160. Memorandum of Conversation1


  • Miscellaneous Intelligence


  • Ambassador Anatoliy F. Dobrynin, USSR
  • Llewellyn E. Thompson, Ambassador-at-Large, Department of State

At lunch today, I asked Dobrynin of news of Mikoyan and Khrushchev. He said that Mikoyan had asked to be relieved from the Presidium because of health, as had Shvernik. He said, however, that Mikoyan was present on all ceremonial occasions. He said he had run into Mrs. Khrushchev briefly in the hospital and said that she was looking fine. He said that Mr. Khrushchev had had some kidney trouble but had recovered.

The Ambassador said he had had long talks with Brezhnev, Kosygin, and other leaders. He said he found the atmosphere much improved to what it had been under Mr. Khrushchev. He said he was able to express his views freely and frankly and was, in fact, encouraged to do so. He said his views were not always accepted, but there was no resentment at his expressing them. He said he had difficulty always in explaining statements such as that recently made by Mr. Acheson with [Page 393]respect to General de Gaulle 2 as the Soviet leaders could not understand that statements of this sort could be made without representing firm United States policy.

Dobrynin said he had attended the meetings of the Central Committee as a delegate. He said there were about ten Ambassadors who attended as delegates and a considerable number more who were there in the lower-ranking status of guests. He said that Fedorenko had attended as a guest and that it was not normal for a guest to be made a member of the Central Committee, but in this case, it had been decided that in view of the importance of the United Nations, Fedorenko should be made a member of the Auditing Commission.

I inquired whether his being a candidate member of the Central Committee meant that he got any more pay. He replied, “unfortunately not,” but it did mean that he had more access to information about what was going on. He said because of the distance here from Moscow, he would probably not get all of the papers but these would be available to him whenever he was in Moscow.

He said that most of the members of the Presidium had not spoken at the Congress since Brezhnev was speaking, and also Kosygin, for the collective leadership. He said, however, that each of the members of the Presidium presided over the meetings in turn.

When I referred to the seating arrangement of the Presidium at the meetings, he pointed out that this varied somewhat and said that several times that Voroshilov had sat in the wrong place, on one occasion sitting next to Brezhnev, although he clearly did not belong there.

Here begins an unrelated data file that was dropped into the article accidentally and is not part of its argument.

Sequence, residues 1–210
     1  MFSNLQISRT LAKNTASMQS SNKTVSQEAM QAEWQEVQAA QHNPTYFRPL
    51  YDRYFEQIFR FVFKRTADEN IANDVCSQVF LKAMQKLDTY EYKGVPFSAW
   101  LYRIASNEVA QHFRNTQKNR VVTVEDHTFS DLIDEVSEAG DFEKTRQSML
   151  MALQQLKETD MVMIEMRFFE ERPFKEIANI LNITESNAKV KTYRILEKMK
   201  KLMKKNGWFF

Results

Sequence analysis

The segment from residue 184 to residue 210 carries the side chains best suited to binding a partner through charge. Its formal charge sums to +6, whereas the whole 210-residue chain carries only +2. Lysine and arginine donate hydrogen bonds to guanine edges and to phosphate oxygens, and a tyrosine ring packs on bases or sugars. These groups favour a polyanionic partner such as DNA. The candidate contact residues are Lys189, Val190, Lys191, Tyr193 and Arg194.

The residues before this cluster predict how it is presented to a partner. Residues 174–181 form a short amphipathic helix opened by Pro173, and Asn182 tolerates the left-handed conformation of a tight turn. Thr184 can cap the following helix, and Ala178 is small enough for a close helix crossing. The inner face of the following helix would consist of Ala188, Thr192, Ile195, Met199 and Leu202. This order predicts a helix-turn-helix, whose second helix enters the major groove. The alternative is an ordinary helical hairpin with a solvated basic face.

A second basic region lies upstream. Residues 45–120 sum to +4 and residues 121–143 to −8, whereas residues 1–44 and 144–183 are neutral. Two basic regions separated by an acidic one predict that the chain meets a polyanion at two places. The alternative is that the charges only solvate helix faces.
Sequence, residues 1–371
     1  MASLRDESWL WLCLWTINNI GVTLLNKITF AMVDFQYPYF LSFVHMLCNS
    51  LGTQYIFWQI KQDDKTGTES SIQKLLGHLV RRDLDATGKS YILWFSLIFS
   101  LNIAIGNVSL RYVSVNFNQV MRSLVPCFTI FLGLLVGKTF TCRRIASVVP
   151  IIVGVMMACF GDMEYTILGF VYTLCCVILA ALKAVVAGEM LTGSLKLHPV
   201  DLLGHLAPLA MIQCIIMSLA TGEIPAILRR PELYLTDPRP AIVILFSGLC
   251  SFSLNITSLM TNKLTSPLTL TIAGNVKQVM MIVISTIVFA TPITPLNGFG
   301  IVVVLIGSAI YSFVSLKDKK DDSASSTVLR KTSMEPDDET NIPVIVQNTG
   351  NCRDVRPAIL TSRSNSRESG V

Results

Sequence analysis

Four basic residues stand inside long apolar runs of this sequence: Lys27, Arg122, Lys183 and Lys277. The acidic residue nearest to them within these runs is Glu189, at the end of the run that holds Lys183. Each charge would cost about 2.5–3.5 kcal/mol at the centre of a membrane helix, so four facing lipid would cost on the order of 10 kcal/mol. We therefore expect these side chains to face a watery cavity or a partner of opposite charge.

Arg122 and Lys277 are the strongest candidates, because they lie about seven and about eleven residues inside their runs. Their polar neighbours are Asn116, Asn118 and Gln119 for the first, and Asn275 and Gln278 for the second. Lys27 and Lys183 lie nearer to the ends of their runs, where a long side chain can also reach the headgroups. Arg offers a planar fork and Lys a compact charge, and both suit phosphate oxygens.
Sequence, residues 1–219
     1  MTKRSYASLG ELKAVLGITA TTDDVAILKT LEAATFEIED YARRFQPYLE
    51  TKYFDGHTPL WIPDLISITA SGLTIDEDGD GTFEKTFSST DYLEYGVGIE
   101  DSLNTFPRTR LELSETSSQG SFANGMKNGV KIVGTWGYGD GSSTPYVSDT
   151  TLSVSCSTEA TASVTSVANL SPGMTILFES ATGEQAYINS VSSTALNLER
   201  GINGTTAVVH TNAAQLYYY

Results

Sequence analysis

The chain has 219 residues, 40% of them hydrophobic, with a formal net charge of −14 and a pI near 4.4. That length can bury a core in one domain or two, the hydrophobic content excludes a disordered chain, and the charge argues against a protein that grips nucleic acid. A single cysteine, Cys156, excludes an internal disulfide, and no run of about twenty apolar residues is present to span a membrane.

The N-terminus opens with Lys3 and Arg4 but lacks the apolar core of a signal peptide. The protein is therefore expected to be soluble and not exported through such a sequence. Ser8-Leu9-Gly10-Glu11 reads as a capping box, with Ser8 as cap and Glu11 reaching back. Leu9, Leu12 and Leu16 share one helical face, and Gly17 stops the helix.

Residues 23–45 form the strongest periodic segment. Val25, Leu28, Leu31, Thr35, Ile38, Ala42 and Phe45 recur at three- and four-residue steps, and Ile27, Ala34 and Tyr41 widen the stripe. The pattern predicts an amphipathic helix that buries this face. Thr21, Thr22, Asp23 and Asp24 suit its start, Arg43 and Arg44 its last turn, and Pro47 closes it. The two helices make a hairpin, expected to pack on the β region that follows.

Dobrynin asked me if we had any ideas about what was going on in China. I said that we were mystified but were of the opinion that something important was taking place. I said that the attacks on the intellectuals seemed to be quite widespread and might even suggest that there were rival factions at work. He said that the attacks on the Soviet Union appeared to be getting increasingly vicious. He probed a bit with the obvious purpose of trying to find out whether Ambassador Gronouski’s trip here meant that we were cooking something up with respect to Communist China. I said I was not aware of anything other than the usual repetitious go-rounds which we had with the Chinese in Warsaw.

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In the course of the conversation, he observed that he was not sure that the Communist Chinese really wanted to get into the United Nations and I replied that my own personal opinion was that they did not.

I mentioned that the Chinese were apparently sending vessels to repatriate some of their nationals from Indonesia. He merely observed that Chinese relations with Indonesia were very bad.

  1. Source: National Archives and Records Administration, RG 59, Central Files 1964–66, POL USUSSR. Confidential. Drafted and initialed by Thompson and approved in S/AL on May 19. Thompson and Dobrynin also discussed American prisoners in Vietnam, de Gaulle’s forthcoming visit to the Soviet Union, a new location for the Soviet Embassy, non-proliferation, a nuclear-free zone involving Israel and the Arab states, a visit of an oceanographic vessel to the Soviet Union, Rumania, and the visit of John D. Rockefeller, III, to the Soviet Union. Memoranda of these parts of the conversation are ibid., S/AL Files: Lot 67 D 2.
  2. Presumably a reference to comments made by Acheson at a Senate subcommittee hearing in April. As reported in The New York Times, April 28, 1966, p. 15, Acheson stated that recent French policy had not drawn a picture of France as a dependable ally, and if Gaullist policy were to continue for a decade he speculated there would be a general disintegration in Western Europe, making the Soviet Union the magnet on the continent.